suggested by Sen. Hatch and then appointed by President Clinton, and it didn't influence him in SCO's direction or the opposite, or in any direction except what he thought was the right direction. I believe in the end, should there be further appeals, he'd be upheld.
Judge Stewart has proposed orders sent to his case manager, and he prefers WordPerfect also. He doesn't accept PDFs. You can find his instructions at the link. And here's his bio at the court.
Here are instructions on how to handle WordPerfect files if you only have an older version of Word. That lover of interoperability, Microsoft, makes us learn such things. Or, just download OpenOffice.org and you can open pretty much everything, and i4i has no patent claims on OOo either, another advantage.
It's a good thing for Boies Schiller that discovery is over. Look at this instruction from Judge Stewart:
Page limitations for memoranda are set forth in the Local Rules. Exceptions are rarely granted and only upon a showing of good cause. That would seriously cramp their style. Speaking of style, did you notice that the appeals court didn't let them get away with bringing up something new only in a reply? It's the first time anyone has called them on it, that I recall, and it cost SCO $3 million, more or less:
In its opening brief on appeal, SCO appeared to contest only the district court's finding that the 2003 agreement constituted an "SVRX License." SCO argued that the district court erred by concluding that a licensing agreement entered after the closing of the APA could constitute an SVRX License. Whatever the merits of this argument, SCO neglected to challenge the alternative, independently sufficient basis for the district court's ruling--that its 2003 agreement with Sun represented an impermissible amendment to an SVRX License. An issue or argument insufficiently raised in a party's opening brief is deemed waived. Headrick v. Rockwell Int'l Corp., 24 F.3d 1272, 127778 (10th Cir. 1994). Although SCO addresses this issue in its reply brief, the general rule in this circuit is that a party waives issues and arguments raised there for the first time. See M.D. Mark, Inc. v. Kerr-McGee Corp., 565 F.3d 753 (10th Cir. 2009). All judges have styles, and while Judge Kimball let them fudge a little, being so laid back, and Judge Gross lets them do whatever, the appeals court noticed and held them to the rules. That part of the ruling was refreshing.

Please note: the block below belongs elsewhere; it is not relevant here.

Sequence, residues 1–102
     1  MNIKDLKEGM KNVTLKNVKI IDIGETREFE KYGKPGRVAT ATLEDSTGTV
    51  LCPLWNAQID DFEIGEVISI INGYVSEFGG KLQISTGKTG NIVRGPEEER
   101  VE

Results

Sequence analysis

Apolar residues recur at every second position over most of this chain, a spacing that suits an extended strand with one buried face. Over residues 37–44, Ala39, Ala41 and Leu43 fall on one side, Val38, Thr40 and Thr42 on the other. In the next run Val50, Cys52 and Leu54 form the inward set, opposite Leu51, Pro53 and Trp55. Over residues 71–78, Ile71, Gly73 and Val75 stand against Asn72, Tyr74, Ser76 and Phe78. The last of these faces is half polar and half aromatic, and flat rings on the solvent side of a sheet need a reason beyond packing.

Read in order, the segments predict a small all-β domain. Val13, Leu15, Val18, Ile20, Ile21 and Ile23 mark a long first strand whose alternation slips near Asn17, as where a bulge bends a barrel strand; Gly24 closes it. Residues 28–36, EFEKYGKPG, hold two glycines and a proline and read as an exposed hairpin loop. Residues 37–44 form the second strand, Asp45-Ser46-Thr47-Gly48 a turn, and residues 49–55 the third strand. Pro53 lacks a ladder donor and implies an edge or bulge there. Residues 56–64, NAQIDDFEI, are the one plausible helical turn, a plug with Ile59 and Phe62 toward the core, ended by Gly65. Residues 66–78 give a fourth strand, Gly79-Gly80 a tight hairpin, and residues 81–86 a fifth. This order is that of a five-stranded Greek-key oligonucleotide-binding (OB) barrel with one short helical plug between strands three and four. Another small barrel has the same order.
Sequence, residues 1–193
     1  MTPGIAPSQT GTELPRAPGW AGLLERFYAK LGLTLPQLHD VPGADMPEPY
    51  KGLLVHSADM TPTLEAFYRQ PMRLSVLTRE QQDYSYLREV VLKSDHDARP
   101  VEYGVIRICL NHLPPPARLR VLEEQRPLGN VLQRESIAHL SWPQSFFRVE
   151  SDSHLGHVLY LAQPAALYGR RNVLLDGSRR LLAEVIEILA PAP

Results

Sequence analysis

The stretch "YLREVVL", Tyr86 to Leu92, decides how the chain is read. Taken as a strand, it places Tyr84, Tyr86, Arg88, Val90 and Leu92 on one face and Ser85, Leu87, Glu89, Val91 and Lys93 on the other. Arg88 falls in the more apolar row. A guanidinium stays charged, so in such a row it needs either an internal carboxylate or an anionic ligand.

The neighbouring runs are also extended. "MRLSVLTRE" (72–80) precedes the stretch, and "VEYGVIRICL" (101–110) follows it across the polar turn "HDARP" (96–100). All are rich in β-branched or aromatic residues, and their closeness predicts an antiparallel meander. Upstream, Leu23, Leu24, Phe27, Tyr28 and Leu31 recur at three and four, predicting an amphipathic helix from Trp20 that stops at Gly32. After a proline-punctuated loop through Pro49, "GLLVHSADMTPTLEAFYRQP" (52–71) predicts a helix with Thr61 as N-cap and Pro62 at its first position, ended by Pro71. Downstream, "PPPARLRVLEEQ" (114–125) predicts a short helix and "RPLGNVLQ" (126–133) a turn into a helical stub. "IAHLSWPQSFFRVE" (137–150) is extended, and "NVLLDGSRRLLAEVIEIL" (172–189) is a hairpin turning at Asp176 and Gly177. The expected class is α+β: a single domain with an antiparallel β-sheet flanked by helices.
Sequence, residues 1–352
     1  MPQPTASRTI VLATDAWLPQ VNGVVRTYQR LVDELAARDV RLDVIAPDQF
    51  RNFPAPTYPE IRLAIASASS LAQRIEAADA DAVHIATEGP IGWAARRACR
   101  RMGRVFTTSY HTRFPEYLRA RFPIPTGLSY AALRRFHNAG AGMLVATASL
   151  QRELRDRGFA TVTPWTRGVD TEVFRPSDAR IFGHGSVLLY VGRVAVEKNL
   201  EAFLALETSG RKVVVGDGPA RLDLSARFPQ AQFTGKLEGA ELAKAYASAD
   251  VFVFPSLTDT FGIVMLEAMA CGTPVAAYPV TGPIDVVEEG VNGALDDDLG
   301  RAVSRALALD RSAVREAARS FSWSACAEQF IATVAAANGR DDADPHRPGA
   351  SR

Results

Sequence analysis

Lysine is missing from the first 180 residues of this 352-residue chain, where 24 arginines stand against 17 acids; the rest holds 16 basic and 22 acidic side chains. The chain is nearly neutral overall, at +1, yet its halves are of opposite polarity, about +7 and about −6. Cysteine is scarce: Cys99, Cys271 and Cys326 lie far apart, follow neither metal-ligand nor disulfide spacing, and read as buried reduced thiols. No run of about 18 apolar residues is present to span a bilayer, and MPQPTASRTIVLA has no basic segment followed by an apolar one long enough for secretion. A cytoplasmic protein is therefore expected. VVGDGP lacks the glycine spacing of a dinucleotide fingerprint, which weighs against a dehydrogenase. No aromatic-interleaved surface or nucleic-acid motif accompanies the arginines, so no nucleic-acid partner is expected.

Here's Judge Stewart's official court bio:
Judge Ted Stewart was nominated by President Bill Clinton on July 27, 1999, to the United States District Court of the District of Utah. He was confirmed by the U.S. Senate on October 5, 1999, and sworn in on November 15, 1999. If you are curious, here's Judge Kimball's bio, and as you can see, it's incredibly impressive, with many honors and awards and writings and achievements in a long and much admired career. I collected more information in this article way back in 2003, and you'll see why so many admire him. The way SCOfolk tried to smear him was, to me, one of the lowest points of this nauseatingly low saga, and if you noticed the appellate ruling did not follow their lead. It was respectful of him, although reversing in some respects on a point of law, one that, should anyone bother to appeal, I suspect would affirm Judge Kimball anyway. I admire him myself very much. I only hope he hasn't received the kinds of threats I get. Judges do get that sometimes.